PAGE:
Indicator Report - Ambulatory Care Sensitive Conditions: Diabetes Hospitalization Among Adults
Why Is This Important?Ambulatory care sensitive (ACS) conditions are conditions for which effective outpatient care can prevent hospitalizations. Diabetes is a disease for which regular physician visits can help to control blood sugar (glucose), fats (lipids), and blood pressure; screen for diabetes-related eye, foot, and kidney problems; and provide early treatment and patient education in self-management. Physician visits and early treatment can prevent otherwise avoidable hospitalizations and serious illness and injuries to patients. Diabetes complications include loss of consciousness, heart disease, stroke, circulation, kidney and nerve damage, impotence, blindness, amputation of extremities, and death.
Data NotesFor Diabetes, Lower Extremity Amputation (PQI 16), the numerator includes principal or secondary diagnosis codes for: (1) uncontrolled diabetes (250.00-250.03), (2) diabetes short-term complications (250.10-250.13, 250.20-250.23, 250.30-250.33), (3) diabetes long-term complications (250.40-250.43, 250.50-250.53, 250.60-250.63, 250.70-250.73, 250.80-250.83, 250.90-250.93), plus ICD-9-CM procedure codes for lower extremity amputation (84.10-84.19, toe amputation - except due to trauma - through abdominopelvic amputation).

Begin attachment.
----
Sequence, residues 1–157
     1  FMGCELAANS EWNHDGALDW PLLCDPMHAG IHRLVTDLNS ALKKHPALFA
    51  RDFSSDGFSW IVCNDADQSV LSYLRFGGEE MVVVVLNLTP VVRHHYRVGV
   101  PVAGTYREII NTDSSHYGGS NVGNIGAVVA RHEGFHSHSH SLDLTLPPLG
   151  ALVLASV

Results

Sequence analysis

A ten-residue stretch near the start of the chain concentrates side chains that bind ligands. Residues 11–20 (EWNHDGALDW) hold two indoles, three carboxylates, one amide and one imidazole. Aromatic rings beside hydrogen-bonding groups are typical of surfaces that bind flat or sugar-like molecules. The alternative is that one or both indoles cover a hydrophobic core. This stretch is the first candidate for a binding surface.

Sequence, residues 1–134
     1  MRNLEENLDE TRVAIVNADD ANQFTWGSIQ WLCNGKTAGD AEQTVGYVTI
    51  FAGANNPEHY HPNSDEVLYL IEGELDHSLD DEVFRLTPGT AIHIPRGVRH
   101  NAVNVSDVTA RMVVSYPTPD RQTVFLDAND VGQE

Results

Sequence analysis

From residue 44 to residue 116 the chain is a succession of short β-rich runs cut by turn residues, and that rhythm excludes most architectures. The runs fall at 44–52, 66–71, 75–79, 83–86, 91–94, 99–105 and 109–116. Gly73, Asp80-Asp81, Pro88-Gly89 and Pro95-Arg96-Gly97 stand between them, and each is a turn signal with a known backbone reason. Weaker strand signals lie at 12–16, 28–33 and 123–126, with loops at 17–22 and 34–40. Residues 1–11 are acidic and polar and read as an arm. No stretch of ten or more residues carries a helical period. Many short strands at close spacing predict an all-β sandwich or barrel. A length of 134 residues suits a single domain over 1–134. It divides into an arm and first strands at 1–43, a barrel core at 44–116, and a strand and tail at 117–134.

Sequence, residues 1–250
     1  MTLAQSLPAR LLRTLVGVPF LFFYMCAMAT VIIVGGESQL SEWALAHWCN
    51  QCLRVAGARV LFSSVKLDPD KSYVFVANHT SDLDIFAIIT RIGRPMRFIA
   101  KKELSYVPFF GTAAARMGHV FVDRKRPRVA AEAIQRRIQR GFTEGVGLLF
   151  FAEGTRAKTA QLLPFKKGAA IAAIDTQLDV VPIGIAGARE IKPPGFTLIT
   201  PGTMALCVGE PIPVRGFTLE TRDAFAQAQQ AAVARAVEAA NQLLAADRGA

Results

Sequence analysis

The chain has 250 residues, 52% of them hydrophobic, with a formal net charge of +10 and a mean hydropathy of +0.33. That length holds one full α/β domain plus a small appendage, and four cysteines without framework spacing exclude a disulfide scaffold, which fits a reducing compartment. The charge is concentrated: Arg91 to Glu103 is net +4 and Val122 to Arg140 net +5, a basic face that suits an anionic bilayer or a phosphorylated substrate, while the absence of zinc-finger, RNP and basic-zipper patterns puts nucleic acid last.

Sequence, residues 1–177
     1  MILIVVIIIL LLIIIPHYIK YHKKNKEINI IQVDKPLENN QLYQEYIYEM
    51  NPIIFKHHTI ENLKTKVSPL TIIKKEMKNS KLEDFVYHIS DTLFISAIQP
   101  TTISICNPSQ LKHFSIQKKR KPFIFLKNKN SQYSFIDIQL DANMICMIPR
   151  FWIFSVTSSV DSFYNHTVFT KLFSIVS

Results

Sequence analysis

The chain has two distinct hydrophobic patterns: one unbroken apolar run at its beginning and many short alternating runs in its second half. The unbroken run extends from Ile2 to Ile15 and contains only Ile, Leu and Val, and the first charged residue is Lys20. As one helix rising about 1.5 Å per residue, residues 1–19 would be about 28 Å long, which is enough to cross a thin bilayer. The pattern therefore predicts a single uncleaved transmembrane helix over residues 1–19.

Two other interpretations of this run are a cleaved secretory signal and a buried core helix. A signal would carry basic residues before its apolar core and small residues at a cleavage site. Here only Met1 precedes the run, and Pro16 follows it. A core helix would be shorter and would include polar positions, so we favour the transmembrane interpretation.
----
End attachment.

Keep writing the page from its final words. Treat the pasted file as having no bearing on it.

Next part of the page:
Risk-adjusted rates are adjusted for age and gender.
Data SourcesU.S. Census, County Intercensal Estimates (2000-2010). Utah Inpatient Hospital Discharge Data, Office of Health Care Statistics, Utah Department of Health. National Healthcare Quality and Research. Healthcare Cost and Utilization Project (HCUP), AHRQ.
DefinitionAmbulatory care sensitive (ACS) conditions refer to those conditions for which hospitalizations could have been avoided, or conditions that could have been less serious, if they had been treated early and appropriately. Good outpatient management dramatically reduces the risk of hospitalization. For diabetes, an ACS condition refers to uncontrolled diabetes (type 1 and type 2), diabetes short-term and long-term complications, and amputations of lower extremities due to diabetes among adults aged 18 years and older.
As of November 2004, the IBIS diabetes information is based on four diabetes indicators (PQI 1, PQI 3, PQI 14, PQI 16) developed by the Agency for Healthcare Research and Quality Prevention Quality Indicators. National Healthcare Quality and Research provided the values for the national rate based on the National Inpatient Sample.
How We Calculated the Rates
Page Content Updated On 11/25/2014, Published on 12/09/2014